Wouldn’t It Be Nice to Know Everything About Everything?

But Since This is Impossible, I Recommend Getting the Help of a Professional

You’ve probably met people that think they know everything about everything. And there is no convincing them otherwise.

There certainly are people who know more than I do, but it’s not about knowing everything or who knows the most.

It’s about knowing what you know and using that knowledge to help others.

Last week I wrote about construction questions and answers. I used a window project as an example. You might remember that the customer had received a quote for more than $36,000 to replace thirteen windows.

After I looked at the project it was clear that only one needed replaced. I told you that I would let you know what I came up with. I gave them a proposal to replace one window and repair some of the wood finish on the rest.

My price for this was $4,771.71. That’s 86% less than the original price.

It’s less about the price and more about the work that “actually” needed to be done.

The real issue with this project like many others is in finding what the customer needs and not trying to sell them as much as you can. The focus on selling rather than service is prevalent.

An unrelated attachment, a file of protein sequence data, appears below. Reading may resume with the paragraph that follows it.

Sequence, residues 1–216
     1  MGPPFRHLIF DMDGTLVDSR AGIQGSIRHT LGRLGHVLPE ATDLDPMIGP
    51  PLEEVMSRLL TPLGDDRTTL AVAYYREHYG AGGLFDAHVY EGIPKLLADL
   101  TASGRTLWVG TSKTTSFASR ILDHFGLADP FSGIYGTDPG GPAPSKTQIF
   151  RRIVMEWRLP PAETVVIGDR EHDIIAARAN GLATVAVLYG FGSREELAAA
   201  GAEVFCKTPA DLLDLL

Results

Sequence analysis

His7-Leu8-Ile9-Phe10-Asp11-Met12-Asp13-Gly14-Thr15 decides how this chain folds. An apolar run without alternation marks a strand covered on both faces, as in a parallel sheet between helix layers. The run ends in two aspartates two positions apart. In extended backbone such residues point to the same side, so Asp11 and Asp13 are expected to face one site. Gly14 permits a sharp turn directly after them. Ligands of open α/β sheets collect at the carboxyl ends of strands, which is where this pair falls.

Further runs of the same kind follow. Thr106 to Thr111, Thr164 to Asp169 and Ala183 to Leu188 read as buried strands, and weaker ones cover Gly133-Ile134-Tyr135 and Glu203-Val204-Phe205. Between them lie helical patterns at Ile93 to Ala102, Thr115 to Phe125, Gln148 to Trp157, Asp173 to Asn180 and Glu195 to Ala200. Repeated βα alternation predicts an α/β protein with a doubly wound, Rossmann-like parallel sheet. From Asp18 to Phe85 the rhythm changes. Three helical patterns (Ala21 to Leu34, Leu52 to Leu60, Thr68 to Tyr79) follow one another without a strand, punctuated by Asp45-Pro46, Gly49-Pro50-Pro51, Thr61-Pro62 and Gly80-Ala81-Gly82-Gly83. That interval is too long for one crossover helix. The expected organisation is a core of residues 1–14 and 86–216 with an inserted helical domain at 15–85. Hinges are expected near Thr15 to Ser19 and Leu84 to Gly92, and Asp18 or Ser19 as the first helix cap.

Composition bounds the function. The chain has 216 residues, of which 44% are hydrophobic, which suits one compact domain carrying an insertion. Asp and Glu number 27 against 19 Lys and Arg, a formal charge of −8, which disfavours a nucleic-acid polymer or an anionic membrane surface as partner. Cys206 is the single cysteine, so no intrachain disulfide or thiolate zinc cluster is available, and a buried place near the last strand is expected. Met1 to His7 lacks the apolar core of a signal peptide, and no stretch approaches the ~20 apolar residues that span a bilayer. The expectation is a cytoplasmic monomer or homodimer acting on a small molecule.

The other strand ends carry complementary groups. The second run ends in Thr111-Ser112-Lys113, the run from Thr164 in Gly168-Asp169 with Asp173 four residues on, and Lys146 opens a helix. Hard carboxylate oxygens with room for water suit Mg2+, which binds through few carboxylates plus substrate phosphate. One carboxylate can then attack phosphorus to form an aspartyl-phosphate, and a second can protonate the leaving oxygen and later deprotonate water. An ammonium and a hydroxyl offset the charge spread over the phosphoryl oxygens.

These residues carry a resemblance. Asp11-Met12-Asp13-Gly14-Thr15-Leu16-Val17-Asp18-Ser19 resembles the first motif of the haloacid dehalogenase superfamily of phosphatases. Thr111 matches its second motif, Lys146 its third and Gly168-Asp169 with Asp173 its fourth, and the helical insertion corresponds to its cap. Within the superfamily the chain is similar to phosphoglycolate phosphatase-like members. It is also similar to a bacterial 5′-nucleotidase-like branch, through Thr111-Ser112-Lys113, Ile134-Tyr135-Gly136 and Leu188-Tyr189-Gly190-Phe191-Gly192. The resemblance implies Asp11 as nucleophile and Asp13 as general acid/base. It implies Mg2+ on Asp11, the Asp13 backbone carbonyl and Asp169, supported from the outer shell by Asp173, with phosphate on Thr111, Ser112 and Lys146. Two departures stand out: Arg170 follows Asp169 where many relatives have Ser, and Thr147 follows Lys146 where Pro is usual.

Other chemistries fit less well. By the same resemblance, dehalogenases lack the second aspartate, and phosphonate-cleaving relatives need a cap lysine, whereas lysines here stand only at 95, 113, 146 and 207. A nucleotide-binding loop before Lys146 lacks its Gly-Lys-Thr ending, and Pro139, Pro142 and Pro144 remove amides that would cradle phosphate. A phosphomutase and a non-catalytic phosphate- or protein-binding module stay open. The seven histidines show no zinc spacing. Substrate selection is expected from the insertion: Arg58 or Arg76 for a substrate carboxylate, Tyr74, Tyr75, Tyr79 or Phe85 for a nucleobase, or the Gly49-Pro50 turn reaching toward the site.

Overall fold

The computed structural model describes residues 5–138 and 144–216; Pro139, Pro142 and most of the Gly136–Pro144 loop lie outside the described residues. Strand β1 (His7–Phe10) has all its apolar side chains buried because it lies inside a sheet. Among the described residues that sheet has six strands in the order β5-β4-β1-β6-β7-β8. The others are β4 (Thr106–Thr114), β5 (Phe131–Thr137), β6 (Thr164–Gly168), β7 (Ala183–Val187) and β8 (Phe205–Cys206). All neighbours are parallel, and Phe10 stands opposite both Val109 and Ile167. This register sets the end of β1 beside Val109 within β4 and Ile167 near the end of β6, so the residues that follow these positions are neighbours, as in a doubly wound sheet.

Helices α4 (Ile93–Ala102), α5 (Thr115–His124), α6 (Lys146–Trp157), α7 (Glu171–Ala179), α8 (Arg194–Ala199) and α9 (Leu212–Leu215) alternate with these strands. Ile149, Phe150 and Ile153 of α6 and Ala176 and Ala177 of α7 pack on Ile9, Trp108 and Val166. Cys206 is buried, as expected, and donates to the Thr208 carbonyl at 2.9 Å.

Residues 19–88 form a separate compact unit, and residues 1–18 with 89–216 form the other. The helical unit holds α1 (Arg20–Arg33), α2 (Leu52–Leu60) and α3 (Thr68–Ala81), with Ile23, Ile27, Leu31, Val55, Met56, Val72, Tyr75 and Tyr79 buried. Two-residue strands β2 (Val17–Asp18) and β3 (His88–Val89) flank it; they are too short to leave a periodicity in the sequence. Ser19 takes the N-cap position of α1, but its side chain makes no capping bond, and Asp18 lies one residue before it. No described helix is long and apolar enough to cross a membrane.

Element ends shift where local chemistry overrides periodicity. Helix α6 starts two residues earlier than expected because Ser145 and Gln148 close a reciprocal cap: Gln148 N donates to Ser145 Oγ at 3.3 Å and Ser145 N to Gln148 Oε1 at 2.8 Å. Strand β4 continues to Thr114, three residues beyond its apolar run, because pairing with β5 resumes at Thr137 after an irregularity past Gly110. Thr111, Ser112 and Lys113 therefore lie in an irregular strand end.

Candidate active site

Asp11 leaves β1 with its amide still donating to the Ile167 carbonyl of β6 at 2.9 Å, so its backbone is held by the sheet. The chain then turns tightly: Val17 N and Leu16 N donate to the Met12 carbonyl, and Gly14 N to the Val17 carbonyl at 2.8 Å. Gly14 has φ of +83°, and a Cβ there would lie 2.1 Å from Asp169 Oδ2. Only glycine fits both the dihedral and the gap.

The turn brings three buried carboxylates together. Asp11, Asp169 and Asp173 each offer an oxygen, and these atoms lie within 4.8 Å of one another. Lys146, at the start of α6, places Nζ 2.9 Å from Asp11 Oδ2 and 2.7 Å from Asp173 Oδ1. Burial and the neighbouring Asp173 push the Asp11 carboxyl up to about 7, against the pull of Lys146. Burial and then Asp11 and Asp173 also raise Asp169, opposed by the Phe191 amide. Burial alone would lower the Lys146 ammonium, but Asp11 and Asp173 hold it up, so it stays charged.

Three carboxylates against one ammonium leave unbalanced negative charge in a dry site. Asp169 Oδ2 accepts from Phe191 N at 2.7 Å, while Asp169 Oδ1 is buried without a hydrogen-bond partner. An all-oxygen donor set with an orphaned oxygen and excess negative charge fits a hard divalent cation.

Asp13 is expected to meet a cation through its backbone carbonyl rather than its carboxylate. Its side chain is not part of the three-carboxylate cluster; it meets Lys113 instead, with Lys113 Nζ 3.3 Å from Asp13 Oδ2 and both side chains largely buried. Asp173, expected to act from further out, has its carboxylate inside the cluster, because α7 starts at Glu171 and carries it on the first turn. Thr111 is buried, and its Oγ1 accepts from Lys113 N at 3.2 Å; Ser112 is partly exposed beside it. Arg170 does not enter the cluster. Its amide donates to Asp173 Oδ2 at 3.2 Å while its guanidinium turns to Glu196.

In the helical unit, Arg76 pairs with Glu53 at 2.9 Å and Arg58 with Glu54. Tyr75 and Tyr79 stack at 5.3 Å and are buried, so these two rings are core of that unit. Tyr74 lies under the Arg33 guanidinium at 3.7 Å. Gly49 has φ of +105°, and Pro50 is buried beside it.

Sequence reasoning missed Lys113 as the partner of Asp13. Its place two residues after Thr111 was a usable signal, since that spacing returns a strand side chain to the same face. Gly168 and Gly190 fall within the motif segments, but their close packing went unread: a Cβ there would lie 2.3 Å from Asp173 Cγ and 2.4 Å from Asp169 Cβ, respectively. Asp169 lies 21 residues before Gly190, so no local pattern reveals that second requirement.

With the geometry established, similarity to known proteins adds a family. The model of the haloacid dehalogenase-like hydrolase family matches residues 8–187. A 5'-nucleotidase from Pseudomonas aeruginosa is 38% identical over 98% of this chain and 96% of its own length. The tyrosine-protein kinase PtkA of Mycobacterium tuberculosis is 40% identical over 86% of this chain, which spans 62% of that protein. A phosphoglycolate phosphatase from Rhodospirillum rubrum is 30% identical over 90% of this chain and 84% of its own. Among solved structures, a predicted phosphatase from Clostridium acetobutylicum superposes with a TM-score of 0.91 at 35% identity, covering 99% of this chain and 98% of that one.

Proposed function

This level of service requires asking questions and listening to the answers. Finding out what it is that the customer wants and needs.

This is what professionals do. Professionals help you find the solution to YOUR problem, not give you a one size fits all answer.

Because we don’t know everything about everything, means we need to find someone that knows something about something.

I’m sure I could find information about how to do brain surgery online…but if I needed brain surgery…I would find someone that has experience and specializes in that. I haven’t seen any DIY brain surgery shows yet.

Granted, if you have a construction project go bad it’s not the same as brain surgery.

My point is this. When doing a construction project, you may not even know what you don’t know. This is where the guidance of a professional comes in. This is not to say that every building contractor is a competent, skilled professional.

I’ve heard too many people complain about their bad construction experience. Every time it came down to them making decisions without due diligence.

Almost always it comes down to being sold rather than serviced.

To minimize the bad construction experience you need to be clear on what’s most important. Is it price or quality? Is it having it done fast or waiting for the skilled professional?

Most of our construction projects come from references and recommendations. The ones that don’t start with building a relationship, not selling.

If you or someone you know is considering a construction project, I would recommend spending the time and energy in finding the right professional and asking the right questions.

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